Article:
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An emir ( /, , / ; Arabic : أميرʾamīr [ʔaˈmiːr] ), sometimes transliterated amir, amier, or ameer, can refer to a king or an aristocratic or noble and military title of high office used in a variety of places in the Arab countries, West Africa, Afghanistan and in the Indian subcontinent. The term has been widely used to denote a "commander", "general", or "leader" i.e. Amir al-Mu'min. The feminine form is emira (أميرةʾamīrah). When translated as "prince", the word "emirate" is analogous to a sovereign principality. In contemporary usage, the term indicates to some Muslim head of states of Emirates or leaders of Islamic organisations.
Amir, meaning "lord" or "commander-in-chief", is derived from the Arabic root a-m-r, "command". Originally simply meaning "commander”, it came to be used as a title of leaders, governors, or rulers of smaller states. In modern Arabic the word is analogous to the title “Prince". The word entered English in 1593, from the French émir. [ citation needed ]It was one of the titles or names of the Islamic prophet Muhammad.
From the start, emir has been a military title. In the 9th century the term was used to denote a ruler of a state i.e. Italy's Emirate of Sicily.
In certain decimally-organized Muslim armies, Amir was an officer rank. For example, in Mughal India, the Amirs commanded 1000 horsemen (divided into ten units, each under a sipah salar), ten of them under one malik. In the imperial army of Qajar Persia:
The following posts referred to "amir" under medieval Muslim states include:
In the former Kingdom of Afghanistan, Amir-i-Kabir was a title meaning "great prince" or "great commander".
Muhammad Amin Bughra, Nur Ahmad Jan Bughra, and Abdullah Bughra declared themselves emirs of the First East Turkestan Republic.
Admiral is one of the highest ranks in some navies, and in many navies is the highest rank. The rank is generally thought to have originated in Sicily from a conflation of Arabic: أمير البحر, amīr al-baḥr, "prince in Arabic; supervisor in Turkic; (commander) of the sea", with Latin admirabilis ("admirable") or admiratus ("admired"), although alternative etymologies derive the word directly from Latin, or from the Turkish military and naval rank miralay. The French version—amiral without the additional d—tends to add evidence for the Arab origin.
A vizier is a high-ranking political advisor or minister. The Abbasid caliphs gave the title wazir to a minister formerly called katib (secretary), who was at first merely a helper but afterwards became the representative and successor of the dapir of the Sassanian kings.
An emirate is a political territory that is ruled by a dynastic Arabic or Islamic monarch-styled emir. The term may also refer to a kingdom.
Custodian of the Two Holy Mosques, Servant of the Two Noble Sanctuaries or Protector of the Two Holy Cities, is a royal style that has been used by many Muslim rulers, including the Ayyubids, the Mamluk Sultans of Egypt, the Ottoman Sultans, and in the modern age, Saudi Arabian kings. The title refers to the ruler taking the responsibility of guarding and maintaining the two holiest mosques in Islam: Al-Haram Mosque in Mecca and the Prophet's Mosque in Medina, both of which are in the Hejazi region of the Arabian Peninsula.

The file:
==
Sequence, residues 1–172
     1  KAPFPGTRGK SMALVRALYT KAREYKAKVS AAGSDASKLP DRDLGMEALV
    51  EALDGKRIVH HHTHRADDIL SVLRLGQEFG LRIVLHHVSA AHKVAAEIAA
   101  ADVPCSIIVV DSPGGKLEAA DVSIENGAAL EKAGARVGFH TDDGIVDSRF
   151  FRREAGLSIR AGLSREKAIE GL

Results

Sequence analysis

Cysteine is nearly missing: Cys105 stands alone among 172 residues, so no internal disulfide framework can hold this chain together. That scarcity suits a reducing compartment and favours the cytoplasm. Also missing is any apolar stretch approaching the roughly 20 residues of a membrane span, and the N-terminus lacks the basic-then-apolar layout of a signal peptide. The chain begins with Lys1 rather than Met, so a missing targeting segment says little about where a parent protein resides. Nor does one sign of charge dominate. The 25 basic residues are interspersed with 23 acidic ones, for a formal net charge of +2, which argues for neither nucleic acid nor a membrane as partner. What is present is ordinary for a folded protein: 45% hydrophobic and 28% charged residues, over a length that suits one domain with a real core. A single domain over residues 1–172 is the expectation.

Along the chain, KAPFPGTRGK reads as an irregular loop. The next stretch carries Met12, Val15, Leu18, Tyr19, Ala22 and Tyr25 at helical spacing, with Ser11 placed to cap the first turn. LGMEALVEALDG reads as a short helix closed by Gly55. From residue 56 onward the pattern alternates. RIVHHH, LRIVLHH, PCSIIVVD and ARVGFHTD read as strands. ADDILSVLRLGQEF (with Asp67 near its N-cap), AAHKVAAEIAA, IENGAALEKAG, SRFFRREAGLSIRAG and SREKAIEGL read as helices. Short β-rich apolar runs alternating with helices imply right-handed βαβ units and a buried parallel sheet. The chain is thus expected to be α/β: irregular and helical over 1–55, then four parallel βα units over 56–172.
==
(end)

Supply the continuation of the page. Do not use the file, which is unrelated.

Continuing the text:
Malik, Melik, Malka, Malek, Malick, or Melekh is the Semitic term translating to "king", recorded in East Semitic and later Northwest Semitic and Arabic.
Traditional rank amongst European royalty, peers, and nobility is rooted in Late Antiquity and the Middle Ages. Although they vary over time and among geographic regions, the following is a reasonably comprehensive list that provides information on both general ranks and specific differences.
Sheikh Jaber al-Ahmad al-Sabah, GCB (Hon), GCMG (Hon) of the al-Sabah dynasty, was the Emir of Kuwait and Commander of the Military of Kuwait; serving from 31 December 1977 until his death on 15 January 2006 due to cerebral hemorrhage. The third monarch to rule Kuwait since its independence from Britain, Jaber had previously served as Minister of Finance and Economy from 1962 until 1965, when he was appointed Prime minister prior to becoming Kuwait's ruler.
Mir is a rare ruler's title in princely states and an aristocratic title generally used to refer to a person who is a descendant of a commander in medieval Muslim tradition.
A hajib or hadjib was a court official, equivalent to a chamberlain, in the early Muslim world, which evolved to fulfil various functions, often serving as chief ministers or enjoying dictatorial powers. The post appeared under the Umayyad Caliphate, but gained in influence and prestige in the more settled court of the Abbasids, under whom it ranked as one of the senior offices of the state, alongside the vizier. From the Caliphates, the post spread to other areas under Muslim dominion: in al-Andalus the hajib was always superior to the vizier and by the 10th century had come to wield enormous power; in the eastern dynasties, the Samanids, Buyids and Ghaznavids, the title acquired a mainly military role; under the Seljuks, Ilkhanids and Timurids it reverted to its role as a court official; in Fatimid Egypt, the chief hajib, styled Sahib al-bab or hajib al-hujjab was also an important official; under the Mamluks, they acquired important judicial duties.